Updated: 3 days ago
It’s that time of the semester again. Finals and submission deadlines are just around the corner. *cries* As we all start confining ourselves to our desks and fighting away the many distractions, here are 6 tips that will help you prepare more effectively for the upcoming examinations.
1. START EARLY
Many of us are probably guilty of leaving our revision to the very last minute. Instead of finding excuses, prepare early. We often underestimate the time window we need in settling down before getting into the zone. Starting early will also allow reaching out to your lecturers to clarify your doubts, as well as giving yourself time to make mistakes. What are you waiting for? Gather and organise all the materials you need for this battle – textbooks, seniors' notes, lecture slides, past-year exam papers!
2. IGNORANCE IS (NOT) BLISS
Burying your heads thoroughly into studying is one thing, but making sure you're clear of what to expect is another. Especially in the current COVID-19 situation, there have been many changes in most of our assessments. Make sure you are clear of the new formats or any revised dates. This would definitely help in your preparation. Here's a list of questions you should know the answers to:
Online exams: What type of exam will it be?
Is there a time limit? Is there a window period?
Will my exam be supervised? Over what platform, Zoom?
Did the exam change to be an assignment? Video presentation? Performance-based exam?
What can be used in my exam? Notes, other resources?
What is considered as violating the Academic Integrity and Student Misconduct?
What kind of IT support and other arrangements are there? (alternative examinations, COVID-19 support)
Will the system allow me to visit old questions?
Here are some guidelines and information for the upcoming examinations:
3. REPLENISHING YOUR SNACK STASH
To those who gain a few pounds each time the exam period draws near, totally relatable. As you start stocking up on your snack stash that will get you through the late nights, opt for healthier ones! Binge-eating on unhealthy snacks such as potato chips together with an irregular sleeping schedule can easily cost you the flu-bug the next day. Avoiding snacks that are carb-heavy can also prevent food comas, something all of us definitely cannot afford now. If stress-eating is in your blood, click here to find out what food can help alleviate stress and anxiety.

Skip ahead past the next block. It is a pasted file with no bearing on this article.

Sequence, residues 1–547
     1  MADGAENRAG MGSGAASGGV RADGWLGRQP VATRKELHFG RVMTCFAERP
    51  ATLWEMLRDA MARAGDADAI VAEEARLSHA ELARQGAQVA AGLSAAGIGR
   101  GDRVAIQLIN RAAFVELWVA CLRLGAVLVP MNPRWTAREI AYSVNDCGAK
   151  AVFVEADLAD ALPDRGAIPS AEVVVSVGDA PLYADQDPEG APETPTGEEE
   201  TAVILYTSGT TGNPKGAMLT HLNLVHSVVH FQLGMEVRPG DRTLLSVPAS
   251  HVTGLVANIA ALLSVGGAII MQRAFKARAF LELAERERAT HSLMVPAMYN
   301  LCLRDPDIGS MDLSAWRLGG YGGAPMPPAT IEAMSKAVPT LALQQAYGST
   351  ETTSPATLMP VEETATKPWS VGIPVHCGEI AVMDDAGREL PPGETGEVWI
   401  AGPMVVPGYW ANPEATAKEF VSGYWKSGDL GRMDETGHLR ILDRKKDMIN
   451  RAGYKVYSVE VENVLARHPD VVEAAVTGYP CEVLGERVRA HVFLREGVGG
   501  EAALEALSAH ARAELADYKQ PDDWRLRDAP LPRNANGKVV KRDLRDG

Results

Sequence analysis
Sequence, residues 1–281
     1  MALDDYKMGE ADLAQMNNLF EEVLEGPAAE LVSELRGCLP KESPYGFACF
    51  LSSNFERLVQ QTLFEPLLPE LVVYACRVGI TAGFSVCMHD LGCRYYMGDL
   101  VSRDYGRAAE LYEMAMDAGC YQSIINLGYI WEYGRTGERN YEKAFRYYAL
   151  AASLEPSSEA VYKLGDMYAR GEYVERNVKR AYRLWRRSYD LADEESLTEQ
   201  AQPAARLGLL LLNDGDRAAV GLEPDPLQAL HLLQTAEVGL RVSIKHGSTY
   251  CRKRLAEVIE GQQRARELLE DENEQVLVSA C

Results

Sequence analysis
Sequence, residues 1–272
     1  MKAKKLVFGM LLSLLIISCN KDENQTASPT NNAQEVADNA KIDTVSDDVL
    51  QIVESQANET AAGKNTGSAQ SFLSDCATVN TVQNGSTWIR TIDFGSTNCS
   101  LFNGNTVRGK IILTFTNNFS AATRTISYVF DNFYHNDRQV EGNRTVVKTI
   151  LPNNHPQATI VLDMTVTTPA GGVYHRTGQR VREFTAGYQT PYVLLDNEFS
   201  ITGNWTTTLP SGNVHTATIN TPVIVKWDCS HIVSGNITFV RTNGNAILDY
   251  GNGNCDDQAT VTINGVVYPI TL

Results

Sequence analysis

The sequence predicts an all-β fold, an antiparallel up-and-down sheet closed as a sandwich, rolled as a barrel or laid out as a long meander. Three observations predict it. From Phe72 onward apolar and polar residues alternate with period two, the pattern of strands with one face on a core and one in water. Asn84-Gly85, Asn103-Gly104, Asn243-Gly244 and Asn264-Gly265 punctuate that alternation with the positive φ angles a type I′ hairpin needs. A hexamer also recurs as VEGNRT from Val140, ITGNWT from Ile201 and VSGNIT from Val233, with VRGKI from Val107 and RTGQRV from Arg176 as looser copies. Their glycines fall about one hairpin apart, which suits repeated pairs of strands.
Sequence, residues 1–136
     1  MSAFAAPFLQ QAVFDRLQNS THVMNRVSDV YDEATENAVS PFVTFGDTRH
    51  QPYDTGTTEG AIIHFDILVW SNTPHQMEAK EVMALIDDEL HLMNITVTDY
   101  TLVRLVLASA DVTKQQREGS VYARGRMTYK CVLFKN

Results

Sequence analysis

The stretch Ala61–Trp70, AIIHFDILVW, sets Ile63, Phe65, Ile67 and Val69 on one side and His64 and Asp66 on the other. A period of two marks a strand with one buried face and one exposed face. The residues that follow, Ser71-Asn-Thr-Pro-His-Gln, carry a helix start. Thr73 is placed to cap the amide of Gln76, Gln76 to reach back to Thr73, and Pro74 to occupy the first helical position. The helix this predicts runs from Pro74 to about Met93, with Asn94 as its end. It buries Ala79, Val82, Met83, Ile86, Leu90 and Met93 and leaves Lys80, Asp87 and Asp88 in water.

4. SELF, FIRST
Don't forget to care for yourself and your body. Get sufficient sleep, eat well, and squeeze in a short exercise in between! Not only will doing these minimise anxiety and stress levels, it will also keep your body in its prime condition. Nothing is more important than your physical and mental health. Keep a positive mind, breathe, and just try your best! Don't let your failures faze you. Find out what works best for your soul, be it a walk to woolies, or even a quick bake. Taking breaks in between is also important, and can actually help increase productivity levels too. If you find yourself struggling with exceeding time allocated for breaks, here are some productivity mobile apps that will help keep you in track:
Flora (plants a tree every time you put your phone aside, using your phone will kill the tree)
Flipd (allows you and your friends to join community boards, staying productive together)
Downtime (restricts usage on your phone)
App Limits (restricts time spent on particular apps)
When you end up on Netflix or your favourite shopping sites on your laptop:
Stayfocused (google-chrome extension, sets time-limits on certain sites)
LeechBlock (available on chrome and firefox, blocks access to certain sites)
Click here for other google-chrome extensions on productivity.
6. PLAN YOUR STUDY SCHEDULE WISELY
Instead of preparing for your first paper first, start from the last. Many times we underestimate the amount of time we take in our revision, causing us to spend too much time on our first paper and having not enough for the later papers. Plan out your time wisely, and remember to leave hours or a day in-between for days when productivity just can't flow.
Do check out the various universities' study support resources, they may end up being of great help.
University of Melbourne (tips on academic writing, time management and more)
Monash University (tips on revision strategies, studying effectively and more)
RMIT (free revision planning resources, softwares and more)
(exact representation of us during the mugging szn)
If you have any questions, you can reach out to us on our Facebook or Instagram, and we would love to chat with you. All in all, remember that your best is enough, and don't be afraid of seeking help when in doubt. Study hard, fellow Singaporeans!
“The secret of getting ahead is getting started.” – Mark Twain
by GERMAINE YAP • edited by KIMBERLY PANG
As an editor for Singaporeans of Victoria, Germaine wishes to give prospective and future students a sneak peek to what life in Melbourne would be like as a Singaporean. Studying Commerce at The University of Melbourne, she loves to take walks and has a secret (but now not so secret) goal to conquer all the parks around Melbourne.